Sensor technology has evolved over the years. They’ve become integrated into watches so that our metrics are continuously monitored, helping us track our health. However, wearables are no longer considered new, as several versions of them exist on the market.
So what’s the next step? Embedding the sensors into clothing—and that’s what BeBop Sensors, a flexible pressure sensor solutions company, has done. Specifically, BeBop integrates electrodes into fabric.
The main components include a PCB and bare fabric which isn’t produced by BeBop.
The design process includes making measurements for the length of the sensor strips and its geometry, deciding on the placement of the electrodes, and creating a prototype. Electrodes are printed onto strips using a conductive ink, such as silver or another conductive gold covered with carbon. Nickle is an option as well. These electrodes are then embedded into fabric.
The strips are then able to record bodily vitals such as breathing, and can also issue warnings to the users and caregivers.
“Two of the biggest design challenges include getting the fabric to be consistent over time and pulling the signals off of the fabric,” says Keith McMillen, Founder of Bebop. When designing the sensor strips, the designer must be careful as to how close or far apart the sensors are from one another.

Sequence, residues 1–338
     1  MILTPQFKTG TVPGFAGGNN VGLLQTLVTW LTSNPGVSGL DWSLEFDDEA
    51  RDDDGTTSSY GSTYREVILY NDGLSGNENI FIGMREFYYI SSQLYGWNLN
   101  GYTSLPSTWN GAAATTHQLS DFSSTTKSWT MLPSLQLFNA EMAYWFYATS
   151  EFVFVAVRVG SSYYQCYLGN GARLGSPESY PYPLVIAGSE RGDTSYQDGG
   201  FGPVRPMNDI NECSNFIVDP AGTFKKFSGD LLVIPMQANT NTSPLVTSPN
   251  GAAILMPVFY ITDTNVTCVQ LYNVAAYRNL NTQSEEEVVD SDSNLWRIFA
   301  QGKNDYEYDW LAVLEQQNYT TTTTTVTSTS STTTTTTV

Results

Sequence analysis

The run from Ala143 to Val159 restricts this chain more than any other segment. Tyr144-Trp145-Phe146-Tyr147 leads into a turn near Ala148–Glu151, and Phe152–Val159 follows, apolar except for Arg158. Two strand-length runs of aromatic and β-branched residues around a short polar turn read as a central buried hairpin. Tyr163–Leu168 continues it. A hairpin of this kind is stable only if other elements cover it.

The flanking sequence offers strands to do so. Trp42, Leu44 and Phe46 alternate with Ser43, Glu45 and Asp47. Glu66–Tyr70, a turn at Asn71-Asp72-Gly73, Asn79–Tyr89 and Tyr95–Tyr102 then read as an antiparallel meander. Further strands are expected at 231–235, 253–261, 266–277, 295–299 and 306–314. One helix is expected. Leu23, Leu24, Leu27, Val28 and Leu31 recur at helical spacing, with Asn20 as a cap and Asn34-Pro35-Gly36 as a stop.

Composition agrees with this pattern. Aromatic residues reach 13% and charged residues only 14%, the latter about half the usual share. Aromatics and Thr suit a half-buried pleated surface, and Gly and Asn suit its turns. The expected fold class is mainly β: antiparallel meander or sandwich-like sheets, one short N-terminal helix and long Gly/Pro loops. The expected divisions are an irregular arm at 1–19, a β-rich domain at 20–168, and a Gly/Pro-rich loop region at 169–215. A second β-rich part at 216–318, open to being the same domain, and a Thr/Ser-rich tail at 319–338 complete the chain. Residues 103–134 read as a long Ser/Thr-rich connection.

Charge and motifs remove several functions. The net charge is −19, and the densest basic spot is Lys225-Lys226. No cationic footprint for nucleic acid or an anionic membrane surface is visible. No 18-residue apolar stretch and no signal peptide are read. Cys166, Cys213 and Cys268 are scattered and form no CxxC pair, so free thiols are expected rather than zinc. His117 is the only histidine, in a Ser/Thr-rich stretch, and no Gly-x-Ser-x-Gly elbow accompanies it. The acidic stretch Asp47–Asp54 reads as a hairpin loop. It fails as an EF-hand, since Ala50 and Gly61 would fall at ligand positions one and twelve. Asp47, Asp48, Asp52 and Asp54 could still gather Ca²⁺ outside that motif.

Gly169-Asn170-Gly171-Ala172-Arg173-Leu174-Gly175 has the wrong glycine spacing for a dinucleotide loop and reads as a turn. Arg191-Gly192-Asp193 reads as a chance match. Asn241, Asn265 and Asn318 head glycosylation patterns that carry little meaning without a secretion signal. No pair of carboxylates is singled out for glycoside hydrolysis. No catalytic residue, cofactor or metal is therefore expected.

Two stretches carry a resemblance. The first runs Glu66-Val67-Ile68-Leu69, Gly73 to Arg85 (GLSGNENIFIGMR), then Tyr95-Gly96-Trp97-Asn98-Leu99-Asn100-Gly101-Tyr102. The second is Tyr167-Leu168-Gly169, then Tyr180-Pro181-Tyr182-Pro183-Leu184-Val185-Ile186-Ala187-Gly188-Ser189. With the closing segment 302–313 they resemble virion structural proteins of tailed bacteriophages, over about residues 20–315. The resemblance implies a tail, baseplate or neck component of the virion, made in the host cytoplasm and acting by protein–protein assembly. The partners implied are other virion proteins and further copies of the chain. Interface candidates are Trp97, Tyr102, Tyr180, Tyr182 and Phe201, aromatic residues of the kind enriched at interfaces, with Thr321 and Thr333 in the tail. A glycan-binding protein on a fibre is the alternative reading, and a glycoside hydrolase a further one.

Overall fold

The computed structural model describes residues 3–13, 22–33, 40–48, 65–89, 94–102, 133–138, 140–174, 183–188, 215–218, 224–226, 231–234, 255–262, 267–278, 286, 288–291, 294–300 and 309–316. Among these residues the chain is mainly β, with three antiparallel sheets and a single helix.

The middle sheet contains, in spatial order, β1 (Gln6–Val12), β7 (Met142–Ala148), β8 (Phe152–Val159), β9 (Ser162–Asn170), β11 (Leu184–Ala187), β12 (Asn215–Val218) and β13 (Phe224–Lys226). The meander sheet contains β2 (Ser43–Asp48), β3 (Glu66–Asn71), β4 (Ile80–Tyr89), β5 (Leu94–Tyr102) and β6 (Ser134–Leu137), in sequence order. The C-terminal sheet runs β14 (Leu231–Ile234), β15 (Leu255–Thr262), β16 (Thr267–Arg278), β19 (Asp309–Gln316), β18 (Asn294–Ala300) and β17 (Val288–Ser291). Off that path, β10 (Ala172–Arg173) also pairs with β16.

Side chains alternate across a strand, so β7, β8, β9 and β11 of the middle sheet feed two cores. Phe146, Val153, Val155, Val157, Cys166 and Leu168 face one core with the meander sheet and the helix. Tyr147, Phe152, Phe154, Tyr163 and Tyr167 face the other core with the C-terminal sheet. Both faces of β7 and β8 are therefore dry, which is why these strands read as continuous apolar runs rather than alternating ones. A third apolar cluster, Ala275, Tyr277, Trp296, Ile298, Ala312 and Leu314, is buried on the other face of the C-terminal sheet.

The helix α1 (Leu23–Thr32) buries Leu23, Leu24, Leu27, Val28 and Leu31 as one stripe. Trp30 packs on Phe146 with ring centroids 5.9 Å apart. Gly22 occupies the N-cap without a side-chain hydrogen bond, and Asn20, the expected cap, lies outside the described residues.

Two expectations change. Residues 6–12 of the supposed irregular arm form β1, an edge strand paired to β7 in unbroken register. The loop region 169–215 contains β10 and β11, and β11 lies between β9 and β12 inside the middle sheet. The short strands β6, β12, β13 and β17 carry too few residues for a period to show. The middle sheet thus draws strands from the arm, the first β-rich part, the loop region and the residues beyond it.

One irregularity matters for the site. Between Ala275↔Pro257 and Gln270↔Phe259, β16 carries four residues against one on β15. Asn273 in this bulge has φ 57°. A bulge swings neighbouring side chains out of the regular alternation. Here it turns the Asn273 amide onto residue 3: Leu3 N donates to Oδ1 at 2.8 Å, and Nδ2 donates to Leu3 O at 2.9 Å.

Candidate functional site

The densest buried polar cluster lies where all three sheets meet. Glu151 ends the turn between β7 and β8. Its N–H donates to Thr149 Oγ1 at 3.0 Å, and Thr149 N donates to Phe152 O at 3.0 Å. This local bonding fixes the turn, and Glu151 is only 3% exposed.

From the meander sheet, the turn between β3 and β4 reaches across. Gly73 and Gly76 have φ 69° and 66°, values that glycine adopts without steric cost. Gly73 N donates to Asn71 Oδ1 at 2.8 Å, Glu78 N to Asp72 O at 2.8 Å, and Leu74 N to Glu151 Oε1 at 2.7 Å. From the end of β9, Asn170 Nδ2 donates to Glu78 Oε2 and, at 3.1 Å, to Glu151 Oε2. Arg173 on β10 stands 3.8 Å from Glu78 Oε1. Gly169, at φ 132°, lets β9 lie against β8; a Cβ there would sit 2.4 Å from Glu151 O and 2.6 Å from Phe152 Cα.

“One advantage of these sensors compared to others on the market is that these are more flexible, stretchable, and washable,” adds McMillen.
The technology has been in development for eight years, according to a press release. The sensor can measure metrics such as weight/force, shape, location, and presence. One example of sensor’s integration is a helmet. Using their Force Location Sensor System, the sensors are able to record an entire incident from the head’s point of view while providing real-time feedback feed-back in real-time with a customizable set of commands. This is paired with a Bluetooth device for first responders and those studying post-trauma. The sensors can detect the impact location and velocity thresholds and trigger emergency calls.
The helmet is designed with a lattice array of 40 sensors.
Additional integrations include shoes, athletic equipment, healthcare devices, and prosthetics.